On page 5, Annex II promises to summarise patenting practices relating to new chemical entities and micro-organisms in some countries. For NCEs, it summarises that of just one country, the USA. As for micro-organisms, the number of countries covered isn't at all great. Such information is very easy to get. Apparently they could not be bothered to go find it. That's poor.

Page 5 also promises to provide a summary of the various submissions and presentations. Well, there are quite a few of those submissions and presentations. In fact, they form the greater part of the whole report. But there is little if anything in the way of synthesis or analysis of these. One wonders how and in what way they influenced the thinking of the commissioners. Or are they just there for window dressing?

On page 6, the report chooses not to say anything about new medical entities except to note they are not mentioned in TRIPS. Is that not a missed opportunity and a failure to fully comply with the terms of reference? Looks like a cop-out to me.

I understand Professor Mashelkar is a very distinguished scientist. Nonetheless, this is much more than just a "slip -- in the rush of the last working day", as he called it. Having said that, this report minus annexes could have been written by five reasonably hardworking people in one day quite easily! As for his talk of "technical inaccuracies", that's an incredible euphemism for plagiarism; rather like Janet Jackson's notorious "wardrobe malfunction" for what others might call "indecent exposure"!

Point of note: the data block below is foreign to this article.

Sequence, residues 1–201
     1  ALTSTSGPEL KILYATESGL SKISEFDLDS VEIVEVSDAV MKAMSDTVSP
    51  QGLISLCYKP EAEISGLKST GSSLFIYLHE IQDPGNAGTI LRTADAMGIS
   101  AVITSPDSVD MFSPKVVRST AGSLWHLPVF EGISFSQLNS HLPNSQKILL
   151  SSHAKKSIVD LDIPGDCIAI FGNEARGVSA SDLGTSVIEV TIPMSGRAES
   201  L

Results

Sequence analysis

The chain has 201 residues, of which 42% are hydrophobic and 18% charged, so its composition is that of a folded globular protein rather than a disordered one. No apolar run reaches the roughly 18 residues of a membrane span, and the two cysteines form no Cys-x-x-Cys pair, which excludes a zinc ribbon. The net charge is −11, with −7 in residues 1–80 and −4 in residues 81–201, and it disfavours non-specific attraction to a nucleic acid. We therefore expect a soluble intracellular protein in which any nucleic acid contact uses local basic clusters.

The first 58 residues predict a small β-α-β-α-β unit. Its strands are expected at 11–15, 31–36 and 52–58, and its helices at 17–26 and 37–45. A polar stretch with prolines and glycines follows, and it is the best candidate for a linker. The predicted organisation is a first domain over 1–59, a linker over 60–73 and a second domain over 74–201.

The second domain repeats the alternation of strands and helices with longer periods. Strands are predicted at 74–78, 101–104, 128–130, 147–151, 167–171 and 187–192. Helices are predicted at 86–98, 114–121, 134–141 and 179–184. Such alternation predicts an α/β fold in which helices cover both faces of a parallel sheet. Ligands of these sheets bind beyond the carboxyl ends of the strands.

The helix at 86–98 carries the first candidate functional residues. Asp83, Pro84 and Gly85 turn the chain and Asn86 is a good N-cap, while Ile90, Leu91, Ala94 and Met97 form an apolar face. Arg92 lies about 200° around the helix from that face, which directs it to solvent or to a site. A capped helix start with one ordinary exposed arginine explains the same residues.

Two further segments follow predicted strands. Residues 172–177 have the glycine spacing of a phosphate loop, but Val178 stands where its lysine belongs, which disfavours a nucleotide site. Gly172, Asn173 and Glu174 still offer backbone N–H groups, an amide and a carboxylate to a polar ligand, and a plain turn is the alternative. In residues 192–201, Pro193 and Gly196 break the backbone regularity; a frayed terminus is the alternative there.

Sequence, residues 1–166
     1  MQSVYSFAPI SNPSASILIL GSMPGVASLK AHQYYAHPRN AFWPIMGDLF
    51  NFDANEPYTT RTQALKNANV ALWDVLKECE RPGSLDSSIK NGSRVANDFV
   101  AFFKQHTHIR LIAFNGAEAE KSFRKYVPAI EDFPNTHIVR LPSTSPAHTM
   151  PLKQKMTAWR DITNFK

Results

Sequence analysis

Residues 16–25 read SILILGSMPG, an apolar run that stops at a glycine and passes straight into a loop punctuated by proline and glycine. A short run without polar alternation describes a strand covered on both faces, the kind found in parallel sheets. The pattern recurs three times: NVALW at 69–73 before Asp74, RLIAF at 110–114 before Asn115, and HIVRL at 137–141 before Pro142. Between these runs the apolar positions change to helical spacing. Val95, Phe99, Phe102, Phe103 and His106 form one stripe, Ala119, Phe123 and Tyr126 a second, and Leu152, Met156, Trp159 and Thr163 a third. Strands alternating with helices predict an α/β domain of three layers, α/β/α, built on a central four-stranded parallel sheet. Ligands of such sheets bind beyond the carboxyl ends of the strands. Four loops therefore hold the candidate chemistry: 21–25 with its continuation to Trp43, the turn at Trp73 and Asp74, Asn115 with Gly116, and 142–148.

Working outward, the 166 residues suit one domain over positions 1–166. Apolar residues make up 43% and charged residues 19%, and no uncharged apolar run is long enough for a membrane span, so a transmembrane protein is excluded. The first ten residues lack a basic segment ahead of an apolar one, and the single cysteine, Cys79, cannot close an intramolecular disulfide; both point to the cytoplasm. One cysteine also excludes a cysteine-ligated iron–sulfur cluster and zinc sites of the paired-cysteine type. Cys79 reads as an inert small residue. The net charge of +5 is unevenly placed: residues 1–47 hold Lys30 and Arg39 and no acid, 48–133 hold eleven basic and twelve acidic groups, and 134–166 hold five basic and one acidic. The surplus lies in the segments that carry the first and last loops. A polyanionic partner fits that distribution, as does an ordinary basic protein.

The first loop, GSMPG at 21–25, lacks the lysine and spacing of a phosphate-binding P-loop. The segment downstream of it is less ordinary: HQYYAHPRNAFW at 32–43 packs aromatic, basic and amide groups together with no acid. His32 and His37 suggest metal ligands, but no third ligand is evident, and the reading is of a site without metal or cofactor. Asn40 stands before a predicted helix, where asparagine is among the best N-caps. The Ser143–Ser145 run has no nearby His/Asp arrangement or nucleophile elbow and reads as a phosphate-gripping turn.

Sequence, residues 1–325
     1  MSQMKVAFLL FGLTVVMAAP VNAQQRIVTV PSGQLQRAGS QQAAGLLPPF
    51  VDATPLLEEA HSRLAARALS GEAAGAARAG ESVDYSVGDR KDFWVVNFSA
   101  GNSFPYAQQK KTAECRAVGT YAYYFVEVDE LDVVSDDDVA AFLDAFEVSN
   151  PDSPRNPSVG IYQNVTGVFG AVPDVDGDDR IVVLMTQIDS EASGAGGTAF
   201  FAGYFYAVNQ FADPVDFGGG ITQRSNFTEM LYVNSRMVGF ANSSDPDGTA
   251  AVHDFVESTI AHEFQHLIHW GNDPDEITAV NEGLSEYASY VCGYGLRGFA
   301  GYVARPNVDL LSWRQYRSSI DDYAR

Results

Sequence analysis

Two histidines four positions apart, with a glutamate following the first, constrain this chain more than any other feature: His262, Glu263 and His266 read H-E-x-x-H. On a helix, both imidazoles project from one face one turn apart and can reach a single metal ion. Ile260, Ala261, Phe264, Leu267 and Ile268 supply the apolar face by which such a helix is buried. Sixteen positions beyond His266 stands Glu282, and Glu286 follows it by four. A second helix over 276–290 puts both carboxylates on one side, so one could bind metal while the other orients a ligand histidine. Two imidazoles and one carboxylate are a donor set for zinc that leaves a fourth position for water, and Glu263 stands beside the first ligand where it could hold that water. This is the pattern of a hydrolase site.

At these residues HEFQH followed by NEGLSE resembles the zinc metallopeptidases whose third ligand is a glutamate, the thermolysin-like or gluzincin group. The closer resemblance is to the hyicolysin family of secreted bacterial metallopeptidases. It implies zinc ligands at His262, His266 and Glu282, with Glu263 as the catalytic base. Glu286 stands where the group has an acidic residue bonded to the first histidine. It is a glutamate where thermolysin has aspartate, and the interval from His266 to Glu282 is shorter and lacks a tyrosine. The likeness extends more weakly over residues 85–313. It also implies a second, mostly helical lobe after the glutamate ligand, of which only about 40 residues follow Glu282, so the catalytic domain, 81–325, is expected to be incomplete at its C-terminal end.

Finally, the whole report looks very suspicious to me. My guess is that the conclusions had been decided on from the start. This would explain their total disinterest in producing any original and objective legal and technical evidence to support those conclusions. I think they just couldn't be bothered. Therein lies the real scandal of this affair, not the plagiarism.

I am willing to concede that a sensitive soul might take the sentence -- "My guess is that ... " -- in the last paragraph as bordering on the personal (and also that Dutfield has other grouses with Mashelkar); but the rest of it is just good solid fisking! To focus on the 'personalised attacks' so exclusively as to ignore the substantive critique is also a form of cheating.

Under the circumstances, the only right response would be "I goofed. Big Time. I'm sorry." It is clear that Mashelkar is not willing to say it.


  1. Anonymous said...

    I wonder why you or any oneelse of the anti-Mashelkar brigade has not criticized any of the other four members of the panel. One of them is the vice-chairman of U.G.C, if the report is as ''biased'' and against ''public morality'' as you say it is, then why not demand that Sharma be removed from his job?

    Or is it just Mashelkar?

  2. Abi said...

    I have served this country for over 13 years, and have headed 32 committees. This is the first time I have been called a member of the Anti-Mashelkar brigade. I am deeply saddened by these 'personalized attacks'. It makes me feel really, really awful that my fellow citizens do not understand me and that they are letting me down in my hour of Mashelkar-neutral crisis.

    Please note that any resemblance between my words above and those in recent interviews with an eminent scientist is not plagiarism but a 'technical inaccuracy'.

    I know many of you expect me to say 'I am sorry that my posts are seen as anti-Mashelkar', but following a certain Stellar Exemplar, I will blame confused bloggers for 'personalized attacks' for that impression.

    Confused: People critical of the Mashelkar Panel's report are demanding that the entire report be scrapped. They have been opposed the earlier move by the government to give this panel a new lease of life to repair its report. When they do that, they are against the entire panel, and not just against Mashelkar.